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Re: potassium levels/water softener

On Fri, 12 Jan 2001, Ron Barter wrote:

>     I thought I would use potassium rather than sodium in the softener,
> which leads to my first question: will the water, after going through the
> softener, contain the same concentration of potassium as it now does calcium
> and magnesium? In other words, will I end up with water containing 329 ppm
> of potasssium coming out of my hot water tap?

Wow, you can do that?  Depending on the efficiency of your softener, the
potassium content in your softened water could increase by about 660
mg/l, and the net increase in total dissolved solids is 331 mg/l.
If you use sodium the maximum rise in the sodium content is about 390 mg/l
and the net increase in total dissolved solids is only 61 mg/l.  I suspect
that you would taste the difference.

>     If the above is the case, then after mixing my hot and cold water at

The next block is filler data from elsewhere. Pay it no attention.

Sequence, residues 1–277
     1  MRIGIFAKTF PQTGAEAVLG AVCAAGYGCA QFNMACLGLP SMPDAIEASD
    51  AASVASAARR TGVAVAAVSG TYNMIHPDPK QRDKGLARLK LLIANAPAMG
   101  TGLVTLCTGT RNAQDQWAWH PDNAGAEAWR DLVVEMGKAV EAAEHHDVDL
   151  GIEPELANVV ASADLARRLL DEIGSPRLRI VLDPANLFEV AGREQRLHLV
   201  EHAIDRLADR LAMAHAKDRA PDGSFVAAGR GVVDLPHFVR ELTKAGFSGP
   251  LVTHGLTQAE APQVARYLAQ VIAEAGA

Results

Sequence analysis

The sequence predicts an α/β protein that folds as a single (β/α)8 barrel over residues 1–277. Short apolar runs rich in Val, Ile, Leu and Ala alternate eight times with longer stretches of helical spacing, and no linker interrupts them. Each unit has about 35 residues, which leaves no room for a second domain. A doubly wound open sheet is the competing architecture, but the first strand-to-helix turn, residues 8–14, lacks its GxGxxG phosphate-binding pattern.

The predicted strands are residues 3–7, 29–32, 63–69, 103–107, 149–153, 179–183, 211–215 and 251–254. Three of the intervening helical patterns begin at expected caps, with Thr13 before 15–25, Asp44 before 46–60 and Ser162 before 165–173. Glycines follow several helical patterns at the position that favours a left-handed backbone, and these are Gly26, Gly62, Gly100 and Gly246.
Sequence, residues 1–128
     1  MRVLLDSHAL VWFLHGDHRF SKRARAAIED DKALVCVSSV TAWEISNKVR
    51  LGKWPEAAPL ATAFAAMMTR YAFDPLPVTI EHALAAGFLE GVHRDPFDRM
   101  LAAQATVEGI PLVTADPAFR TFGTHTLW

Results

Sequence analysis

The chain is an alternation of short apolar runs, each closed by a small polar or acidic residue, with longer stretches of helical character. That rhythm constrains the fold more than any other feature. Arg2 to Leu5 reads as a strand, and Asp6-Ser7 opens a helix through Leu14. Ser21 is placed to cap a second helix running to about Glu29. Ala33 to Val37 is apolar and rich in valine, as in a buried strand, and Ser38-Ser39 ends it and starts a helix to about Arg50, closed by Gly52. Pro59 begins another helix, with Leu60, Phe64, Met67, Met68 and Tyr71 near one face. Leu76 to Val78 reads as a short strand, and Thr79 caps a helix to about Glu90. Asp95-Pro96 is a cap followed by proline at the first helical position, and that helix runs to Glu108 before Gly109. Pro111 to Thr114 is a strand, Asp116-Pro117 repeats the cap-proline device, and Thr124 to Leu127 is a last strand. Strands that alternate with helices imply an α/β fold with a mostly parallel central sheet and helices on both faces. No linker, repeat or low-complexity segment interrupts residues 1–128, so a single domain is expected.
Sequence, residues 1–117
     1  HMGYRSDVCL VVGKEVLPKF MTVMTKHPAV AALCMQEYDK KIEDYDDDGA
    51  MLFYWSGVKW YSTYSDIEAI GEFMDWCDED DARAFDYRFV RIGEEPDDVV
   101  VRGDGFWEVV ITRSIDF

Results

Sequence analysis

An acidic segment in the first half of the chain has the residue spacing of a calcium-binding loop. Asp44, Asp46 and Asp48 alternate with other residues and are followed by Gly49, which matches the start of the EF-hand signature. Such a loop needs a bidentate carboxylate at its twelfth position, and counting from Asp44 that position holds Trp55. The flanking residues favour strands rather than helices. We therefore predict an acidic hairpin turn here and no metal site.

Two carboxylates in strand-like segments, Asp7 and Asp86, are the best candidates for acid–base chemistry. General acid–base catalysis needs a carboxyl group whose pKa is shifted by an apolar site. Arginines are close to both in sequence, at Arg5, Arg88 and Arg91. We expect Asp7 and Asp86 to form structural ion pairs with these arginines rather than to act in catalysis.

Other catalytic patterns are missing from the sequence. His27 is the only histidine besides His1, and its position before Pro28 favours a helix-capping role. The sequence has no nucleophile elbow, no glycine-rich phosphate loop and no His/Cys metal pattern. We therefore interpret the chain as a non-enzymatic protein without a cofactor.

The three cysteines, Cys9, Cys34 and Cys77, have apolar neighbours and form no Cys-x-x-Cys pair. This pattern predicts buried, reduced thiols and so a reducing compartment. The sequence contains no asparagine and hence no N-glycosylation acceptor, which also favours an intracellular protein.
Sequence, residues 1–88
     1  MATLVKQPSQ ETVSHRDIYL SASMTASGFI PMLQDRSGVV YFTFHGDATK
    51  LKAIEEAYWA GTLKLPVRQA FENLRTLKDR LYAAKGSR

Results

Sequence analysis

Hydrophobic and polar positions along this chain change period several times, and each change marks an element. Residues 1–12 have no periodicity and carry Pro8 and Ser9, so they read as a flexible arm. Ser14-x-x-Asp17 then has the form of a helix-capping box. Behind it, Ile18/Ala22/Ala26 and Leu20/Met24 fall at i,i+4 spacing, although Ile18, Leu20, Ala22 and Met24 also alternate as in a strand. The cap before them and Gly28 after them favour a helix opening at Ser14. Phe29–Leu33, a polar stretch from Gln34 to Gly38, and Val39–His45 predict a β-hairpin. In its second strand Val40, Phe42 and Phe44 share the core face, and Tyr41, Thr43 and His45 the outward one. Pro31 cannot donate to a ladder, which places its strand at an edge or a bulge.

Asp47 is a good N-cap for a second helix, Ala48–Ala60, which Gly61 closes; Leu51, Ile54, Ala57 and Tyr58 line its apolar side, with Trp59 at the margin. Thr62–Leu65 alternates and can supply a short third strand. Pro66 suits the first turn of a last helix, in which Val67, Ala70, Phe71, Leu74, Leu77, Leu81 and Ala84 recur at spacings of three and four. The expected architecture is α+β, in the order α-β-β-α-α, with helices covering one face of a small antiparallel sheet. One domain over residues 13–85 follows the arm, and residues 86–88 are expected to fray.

> a ratio of 3:7 to get the temperature I want, I'll end up with a
> theoretical 98.7 ppm K (and 219.1 ppm calcium and 11.2 ppm magnesium)
> I'm assuming that I can probably eliminate the potassium sulphate from
> my PMDD <g>, but will this level of K cause a problem? Block uptake of
> other nutrients? Toxic for fish?

Hydroponics literature cautions strongly against large imbalances because
it causes symptoms of deficiency in whatever is proportionally low.  I
don't know how big the imbalance has to be before potassium causes
problems. From my experience I think that sodium causes problems when the
Na:Ca+Mg ratio gets close to about 20.  I suspect that you could take
potassium up to higher proportions (say 50 or more) so you may not have a
problem (well, at least not *that* problem), but at some point
there will be problems.

Some plants are more sensitive than others.

Roger Miller